Enrolled in Income-Driven Repayment? Avoid This Nightmarish Student Loan Repayment Mistake

Posted on December 23, 2019 at 12:00pm by
Picture of the text student loan on financial documents

We have blogged extensively about income-driven repayment plans (IDR) plans for eligible federal student loan borrowers. The Department of Education offers four income-driven repayment plans to eligible borrowers; Income-Based Repayment (IBR), Income-Contingent Repayment (ICR), Pay As You Earn (PAYE) and Revised Pay As You Earn (REPAYE). Each plan has different requirements and repayment structures. However, there is a universal rule for all four plans – you must recertify your income each year.

Some people forget to recertify, and the consequences are horrific. Income-driven plans limit your monthly payments to a percentage of your discretionary income. For instance, let’s say that you earn $37,000 a year, are enrolled in the IBR plan, and pay $117 each month on a $75,000 student loan balance. If you failed to recertify by the due date, then your payments could revert to what they were under the standard 10-year repayment plan. This means you could unexpectedly owe several hundred dollars more after your plan reverts.

Obviously, this mistake is especially gruesome if you use automatic payments and suffer overdraft fees. Your financial situation could take a quick turn south with almost no warning. Unfortunately, you will continue to owe payments under a 10-year-plan until you enroll in an IDR plan.

Recertifying Income-Driven Repayment

It is easy to recertify your income-driven repayment plan by the due date. You should receive a notice from your student loan servicer several months in advance. If you are not sure when the due date to recertify is, then it is advisable to contact your loan servicer. Many borrowers recertify during the first few months of the year during tax season. This can also make the process easier because the Department of Education allows you to recertify online with your most recent tax information.

Your first step should be to gather the income information you will need to recertify. You can then log into the Department of Education’s website using your login information. Once you log in, there should be an option to recertify your plan or enroll in a new one. The Department of Education’s site connects to the IRS’ taxpayer database, so you should be able to upload your most recent tax information without difficulty. However, it can take a few weeks for this information to become available after filing your taxes. You should file taxes early in the year to ensure that your tax information is available when it comes time to recertify.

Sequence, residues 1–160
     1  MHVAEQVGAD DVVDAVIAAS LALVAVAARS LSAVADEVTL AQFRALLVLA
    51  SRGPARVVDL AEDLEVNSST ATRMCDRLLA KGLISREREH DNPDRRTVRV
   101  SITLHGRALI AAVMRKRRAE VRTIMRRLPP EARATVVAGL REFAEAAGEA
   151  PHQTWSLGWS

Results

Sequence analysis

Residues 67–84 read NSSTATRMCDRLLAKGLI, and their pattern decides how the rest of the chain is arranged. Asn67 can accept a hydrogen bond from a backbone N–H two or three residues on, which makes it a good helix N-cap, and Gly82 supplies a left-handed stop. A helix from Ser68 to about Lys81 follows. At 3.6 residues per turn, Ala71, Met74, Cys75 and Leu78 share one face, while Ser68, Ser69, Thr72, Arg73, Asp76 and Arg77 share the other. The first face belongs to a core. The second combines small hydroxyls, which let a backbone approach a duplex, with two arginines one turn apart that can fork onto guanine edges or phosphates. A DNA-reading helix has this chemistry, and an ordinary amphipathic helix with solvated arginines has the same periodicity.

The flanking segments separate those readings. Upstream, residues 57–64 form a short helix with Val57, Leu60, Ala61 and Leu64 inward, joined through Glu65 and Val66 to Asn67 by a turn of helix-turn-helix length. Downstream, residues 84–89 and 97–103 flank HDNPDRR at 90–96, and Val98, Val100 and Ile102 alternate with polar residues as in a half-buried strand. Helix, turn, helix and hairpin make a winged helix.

You can also use the Department of Education’s site to enroll in a new IDR plan. It is important to speak with a qualified student loan professional before making any major changes with your repayment strategy.

Not everyone can recertify, even if they have federal student loans. If your loans are currently in default, then you would need to bring them back into good standing. We discussed how to get your federal student loans out of default on previous blogs.

What If I Forget to Recertify My IDR Plan?

You should contact your loan servicer right away if you fail to recertify by the due date. Depending on the situation, your servicer may work with you to lower your payments. Failing to recertify does not mean that you can never enroll in an IDR plan again. You would simply need to go through the regular enrollment process.

Keep in mind, if you are making payments under the Public Service Loan Forgiveness (PSLF) program, then your loans MUST be enrolled in a qualifying IDR plan. Payments will not count towards loan forgiveness for as long as your loans are not enrolled. If you are making payments for PSLF, it is important to resolve this issue right away.

Questions About Student Loans? Call Our Kansas City Student Loan Lawyers

The Sader Law Firm can help borrowers who are struggling with private or federal higher education debt. We encourage you to contact our Kansas City student loan lawyers if you have questions about higher education debt relief. You can call us at (816) 281-6349 or use the online case review form on our website to schedule a consultation with us.



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